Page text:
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Sports News Without Fear, Favor or Compromise

This Is The Face Of A Hockey Player As A Skate Slices Through His Achilles Tendon

Illustration for article titled This Is The Face Of A Hockey Player As A Skate Slices Through His Achilles Tendon

Erik Karlsson, the reigning Norris Trophy winner as the NHL's best defenseman, was putting on another spectacular year. And now it's done. Karlsson suffered a lacerated Achilles tendon as the skate blade of Pittsbugh's Matt Cooke came down on the back of his left foot. He will require surgery and is out indefinitely—almost certainly longer than the two-and-a-half months left in the regular season.


Karlsson and Pittsburgh's Matt Cooke were going for a puck along the boards, on which Karlsson had a step. Cooke—and we need to choose our language carefully here—rode him into the boards, or hit him a split second after he reached the boards, keeping Karlsson's stick high so neither could corral the puck. As they hit, Cooke's skate blade sliced through Karlsson's sock, skin, and apparently Achilles. Karlsson immediately screamed out in pain.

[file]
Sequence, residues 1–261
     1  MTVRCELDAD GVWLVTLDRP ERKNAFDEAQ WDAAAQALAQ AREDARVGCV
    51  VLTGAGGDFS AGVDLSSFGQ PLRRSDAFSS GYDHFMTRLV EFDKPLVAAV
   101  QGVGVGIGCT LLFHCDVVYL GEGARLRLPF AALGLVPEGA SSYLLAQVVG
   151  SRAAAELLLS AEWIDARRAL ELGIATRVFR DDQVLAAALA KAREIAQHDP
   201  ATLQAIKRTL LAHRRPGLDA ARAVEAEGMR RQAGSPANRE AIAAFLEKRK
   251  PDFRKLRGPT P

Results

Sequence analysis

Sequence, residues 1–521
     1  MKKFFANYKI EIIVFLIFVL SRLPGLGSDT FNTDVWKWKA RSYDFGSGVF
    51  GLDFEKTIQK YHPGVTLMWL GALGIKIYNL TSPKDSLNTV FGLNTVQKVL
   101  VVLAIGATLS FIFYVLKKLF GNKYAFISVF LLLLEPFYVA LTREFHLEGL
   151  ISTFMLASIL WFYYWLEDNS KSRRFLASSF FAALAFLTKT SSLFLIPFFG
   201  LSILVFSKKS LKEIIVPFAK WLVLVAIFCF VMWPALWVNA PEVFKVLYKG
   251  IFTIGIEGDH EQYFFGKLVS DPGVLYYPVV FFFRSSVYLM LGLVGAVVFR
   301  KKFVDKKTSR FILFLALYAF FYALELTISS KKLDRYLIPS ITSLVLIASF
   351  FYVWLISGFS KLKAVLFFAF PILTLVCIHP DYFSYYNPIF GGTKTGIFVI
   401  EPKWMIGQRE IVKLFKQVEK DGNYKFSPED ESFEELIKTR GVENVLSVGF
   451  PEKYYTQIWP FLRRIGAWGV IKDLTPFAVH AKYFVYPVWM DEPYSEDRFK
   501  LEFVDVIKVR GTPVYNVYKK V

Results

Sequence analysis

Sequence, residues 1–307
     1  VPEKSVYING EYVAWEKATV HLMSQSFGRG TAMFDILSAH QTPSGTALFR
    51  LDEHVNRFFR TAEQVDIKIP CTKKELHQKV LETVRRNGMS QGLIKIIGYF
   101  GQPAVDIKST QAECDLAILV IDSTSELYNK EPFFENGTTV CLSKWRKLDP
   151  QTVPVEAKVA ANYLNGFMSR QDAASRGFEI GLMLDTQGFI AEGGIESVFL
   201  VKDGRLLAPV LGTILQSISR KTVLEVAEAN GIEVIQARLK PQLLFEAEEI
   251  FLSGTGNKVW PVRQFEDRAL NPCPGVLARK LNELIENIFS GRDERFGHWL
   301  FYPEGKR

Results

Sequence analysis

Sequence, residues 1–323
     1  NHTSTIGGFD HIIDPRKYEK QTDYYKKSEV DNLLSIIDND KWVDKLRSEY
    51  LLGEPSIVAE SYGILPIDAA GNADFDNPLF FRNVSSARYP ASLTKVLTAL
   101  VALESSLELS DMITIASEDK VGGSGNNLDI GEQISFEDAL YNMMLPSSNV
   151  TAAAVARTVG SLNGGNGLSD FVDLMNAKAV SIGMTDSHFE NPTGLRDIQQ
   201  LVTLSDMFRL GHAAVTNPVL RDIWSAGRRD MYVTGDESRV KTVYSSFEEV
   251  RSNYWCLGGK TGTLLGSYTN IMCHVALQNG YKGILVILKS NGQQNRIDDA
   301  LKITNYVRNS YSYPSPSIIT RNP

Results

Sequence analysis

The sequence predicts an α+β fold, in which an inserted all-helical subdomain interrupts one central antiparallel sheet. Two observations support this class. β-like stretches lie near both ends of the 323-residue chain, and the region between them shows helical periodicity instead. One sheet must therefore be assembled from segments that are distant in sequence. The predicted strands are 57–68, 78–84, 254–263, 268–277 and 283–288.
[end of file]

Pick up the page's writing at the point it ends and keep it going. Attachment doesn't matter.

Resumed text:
And now the debate—was this a dirty play? We're absolutely not even having this debate if the player is anyone other than Matt Cooke, long one of the dirtiest players in hockey. But Cooke's M.O. was headshots, and after a fifth suspension two years ago, he vowed to clean up his game. "I need to change," he said, and he largely has. But Senators coach Paul MacLean made an obvious reference to Cooke when discussing Karlsson's injury.

"We all know who's involved in it," Senators coach Paul MacLean said. "That's just the way it is. The injury to Erik was unfortunate, and it happens on a nothing play that could've potentially been whistled down."


Sens GM Bryan Murray:

"It's Matt Cooke. What else should I say? Watch the replay."

Team captain Daniel Alfredsson also questioned the hit.

"I don't know it it's intent to injure, but I don't know why you would hit somebody like that in that situation."

Karlsson himself was unavailable for comment after the game, but was clearly furious in the immediate aftermath. As he was being helped off the ice, he shouted something at the Pittsburgh bench, presumably for Cooke. But that's anger talking, and disappointment, and the realization that your season's over in February. Cooke's hit wasn't dirty—maybe not strictly necessary, but surely not worthy of a fine or suspension. It's the kind of extra physicality a guy like Cooke is supposed to bring into play—a not-strictly-necessary hit on a team's No. 1 blueliner in the second period translates to a little more hesitation or exhaustion from Karlsson in the third. Cooke's a pest, not a sociopath—hockey players simply don't use their skates as weapons. It's bad luck for the Senators, and bad luck for Karlsson, and Cooke's only punishment may come when the Penguins return to Ottawa in April.

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